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From Paris to PeoriaHow European Piano Virtuosos Brought Classical Music to the American Heartland$
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R. Allen Lott

Print publication date: 2003

Print ISBN-13: 9780195148831

Published to Oxford Scholarship Online: May 2008

DOI: 10.1093/acprof:oso/9780195148831.001.0001

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Rubinstein's “Magnificent Faultiness”

Rubinstein's “Magnificent Faultiness”

Chapter:
(p.197) CHAPTER 12 Rubinstein's “Magnificent Faultiness”
Source:
From Paris to Peoria
Author(s):

R. Allen Lott

Publisher:
Oxford University Press
DOI:10.1093/acprof:oso/9780195148831.003.0015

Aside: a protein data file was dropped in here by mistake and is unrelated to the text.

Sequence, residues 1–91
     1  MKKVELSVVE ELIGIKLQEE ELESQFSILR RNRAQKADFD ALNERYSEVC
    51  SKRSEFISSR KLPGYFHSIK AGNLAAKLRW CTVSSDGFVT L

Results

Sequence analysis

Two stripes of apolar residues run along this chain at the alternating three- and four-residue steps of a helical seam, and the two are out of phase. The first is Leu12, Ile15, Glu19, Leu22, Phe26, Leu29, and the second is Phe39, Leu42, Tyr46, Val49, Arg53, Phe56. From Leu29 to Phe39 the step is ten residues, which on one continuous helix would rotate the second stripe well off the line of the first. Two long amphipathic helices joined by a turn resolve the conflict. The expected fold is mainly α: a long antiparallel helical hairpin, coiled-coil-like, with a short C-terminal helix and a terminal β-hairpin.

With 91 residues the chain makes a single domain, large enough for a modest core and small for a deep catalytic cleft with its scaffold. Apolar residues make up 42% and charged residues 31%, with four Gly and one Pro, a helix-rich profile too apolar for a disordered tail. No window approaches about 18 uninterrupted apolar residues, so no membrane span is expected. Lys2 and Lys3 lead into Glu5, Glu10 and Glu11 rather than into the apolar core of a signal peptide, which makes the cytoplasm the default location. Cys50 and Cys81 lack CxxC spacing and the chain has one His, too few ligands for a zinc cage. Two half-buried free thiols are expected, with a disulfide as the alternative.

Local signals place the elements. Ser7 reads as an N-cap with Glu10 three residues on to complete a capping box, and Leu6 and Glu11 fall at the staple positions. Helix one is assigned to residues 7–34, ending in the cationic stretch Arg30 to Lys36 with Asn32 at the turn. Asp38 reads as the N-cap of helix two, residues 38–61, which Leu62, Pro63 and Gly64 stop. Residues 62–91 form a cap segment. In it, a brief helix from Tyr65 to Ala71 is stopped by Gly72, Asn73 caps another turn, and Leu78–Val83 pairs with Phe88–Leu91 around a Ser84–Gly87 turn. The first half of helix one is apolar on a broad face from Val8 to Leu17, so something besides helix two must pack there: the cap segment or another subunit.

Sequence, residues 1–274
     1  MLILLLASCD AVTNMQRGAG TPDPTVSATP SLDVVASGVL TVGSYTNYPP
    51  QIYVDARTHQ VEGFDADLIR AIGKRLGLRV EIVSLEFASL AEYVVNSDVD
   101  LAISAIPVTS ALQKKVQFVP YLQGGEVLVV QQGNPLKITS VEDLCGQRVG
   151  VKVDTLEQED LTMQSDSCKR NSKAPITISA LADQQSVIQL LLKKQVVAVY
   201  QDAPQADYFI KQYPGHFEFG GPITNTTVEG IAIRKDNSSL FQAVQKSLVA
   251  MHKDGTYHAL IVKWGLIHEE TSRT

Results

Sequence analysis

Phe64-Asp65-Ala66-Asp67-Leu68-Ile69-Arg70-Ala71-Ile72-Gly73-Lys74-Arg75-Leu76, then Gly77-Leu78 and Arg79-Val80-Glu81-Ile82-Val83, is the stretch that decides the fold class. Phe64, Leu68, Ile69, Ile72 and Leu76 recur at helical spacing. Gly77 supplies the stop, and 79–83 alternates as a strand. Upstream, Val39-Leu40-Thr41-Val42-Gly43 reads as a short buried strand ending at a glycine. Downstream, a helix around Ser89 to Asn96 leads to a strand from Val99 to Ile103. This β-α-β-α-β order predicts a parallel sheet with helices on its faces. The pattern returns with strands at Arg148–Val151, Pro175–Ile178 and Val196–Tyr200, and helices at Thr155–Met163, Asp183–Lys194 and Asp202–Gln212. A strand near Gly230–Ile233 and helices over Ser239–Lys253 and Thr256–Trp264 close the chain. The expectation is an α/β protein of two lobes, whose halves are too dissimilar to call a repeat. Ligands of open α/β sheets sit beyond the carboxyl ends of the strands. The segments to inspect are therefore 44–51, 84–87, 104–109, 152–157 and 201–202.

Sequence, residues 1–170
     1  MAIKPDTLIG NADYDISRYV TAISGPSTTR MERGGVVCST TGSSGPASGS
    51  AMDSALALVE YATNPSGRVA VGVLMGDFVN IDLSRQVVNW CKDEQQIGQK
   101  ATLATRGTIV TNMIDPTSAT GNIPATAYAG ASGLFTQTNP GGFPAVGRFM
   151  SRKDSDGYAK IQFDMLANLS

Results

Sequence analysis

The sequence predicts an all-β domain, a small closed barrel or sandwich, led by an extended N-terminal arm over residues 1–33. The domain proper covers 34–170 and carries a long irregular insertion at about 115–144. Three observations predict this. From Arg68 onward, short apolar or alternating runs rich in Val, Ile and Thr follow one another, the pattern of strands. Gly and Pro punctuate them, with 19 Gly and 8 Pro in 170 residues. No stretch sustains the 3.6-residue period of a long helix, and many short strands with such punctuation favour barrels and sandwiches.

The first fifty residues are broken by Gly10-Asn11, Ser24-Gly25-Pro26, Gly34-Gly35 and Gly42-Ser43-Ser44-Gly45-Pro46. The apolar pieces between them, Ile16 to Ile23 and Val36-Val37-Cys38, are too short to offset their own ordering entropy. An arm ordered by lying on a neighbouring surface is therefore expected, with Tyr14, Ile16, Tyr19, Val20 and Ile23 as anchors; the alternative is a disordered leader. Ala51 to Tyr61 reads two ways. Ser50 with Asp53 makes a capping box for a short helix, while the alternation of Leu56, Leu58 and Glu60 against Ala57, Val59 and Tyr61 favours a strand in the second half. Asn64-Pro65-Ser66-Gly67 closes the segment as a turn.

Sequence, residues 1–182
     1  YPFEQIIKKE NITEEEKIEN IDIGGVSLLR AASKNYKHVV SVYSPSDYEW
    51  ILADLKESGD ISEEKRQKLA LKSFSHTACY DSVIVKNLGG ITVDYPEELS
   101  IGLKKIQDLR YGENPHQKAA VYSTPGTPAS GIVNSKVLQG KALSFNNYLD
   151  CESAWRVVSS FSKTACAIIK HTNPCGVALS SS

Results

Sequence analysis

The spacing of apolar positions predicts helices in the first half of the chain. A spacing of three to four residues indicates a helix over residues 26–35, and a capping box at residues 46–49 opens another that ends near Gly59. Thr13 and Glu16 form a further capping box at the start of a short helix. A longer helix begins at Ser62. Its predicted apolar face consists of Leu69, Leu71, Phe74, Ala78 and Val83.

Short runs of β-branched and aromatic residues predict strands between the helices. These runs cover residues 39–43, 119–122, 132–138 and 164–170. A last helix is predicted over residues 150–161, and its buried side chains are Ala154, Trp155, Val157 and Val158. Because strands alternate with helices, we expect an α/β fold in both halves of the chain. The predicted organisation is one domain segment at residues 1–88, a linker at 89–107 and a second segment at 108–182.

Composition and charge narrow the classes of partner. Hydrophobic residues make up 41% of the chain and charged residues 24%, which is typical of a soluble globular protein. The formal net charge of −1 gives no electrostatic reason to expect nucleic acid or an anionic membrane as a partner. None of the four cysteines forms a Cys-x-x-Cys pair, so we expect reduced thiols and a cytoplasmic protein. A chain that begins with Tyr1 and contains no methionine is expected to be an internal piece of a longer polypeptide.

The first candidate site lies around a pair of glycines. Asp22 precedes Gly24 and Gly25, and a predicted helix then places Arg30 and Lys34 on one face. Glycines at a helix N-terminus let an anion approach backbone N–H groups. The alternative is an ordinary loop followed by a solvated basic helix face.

Although Anton Rubinstein's performances were generally praised, there were occasional comments that he had technical flaws and memory lapses, partly attributable to his greater commitment to composing than performing. His tempestuousness as a performer caused him to lose physical control, but it was his passion that helped his performances transcend their technical inadequacies. Although at first critics thought Rubinstein's performances were faithful to the composer's intent, as the season wore on they were more likely to take exception to his highly individualistic and mannered performances. His own works for piano were conservative and often neoclassical. Rubinstein's concerts reflect the sacralization of music, which was no longer just entertainment but art that needed to be carefully studied and listened to respectfully. Performers demanded reverence in the concert hall and fulfilled the function of priests who interpreted to the laity the ineffable mysteries of the great works of art.

Keywords:   Anton Rubinstein, sacralization, neoclassical, technical flaws, memory lapses, composing, performin

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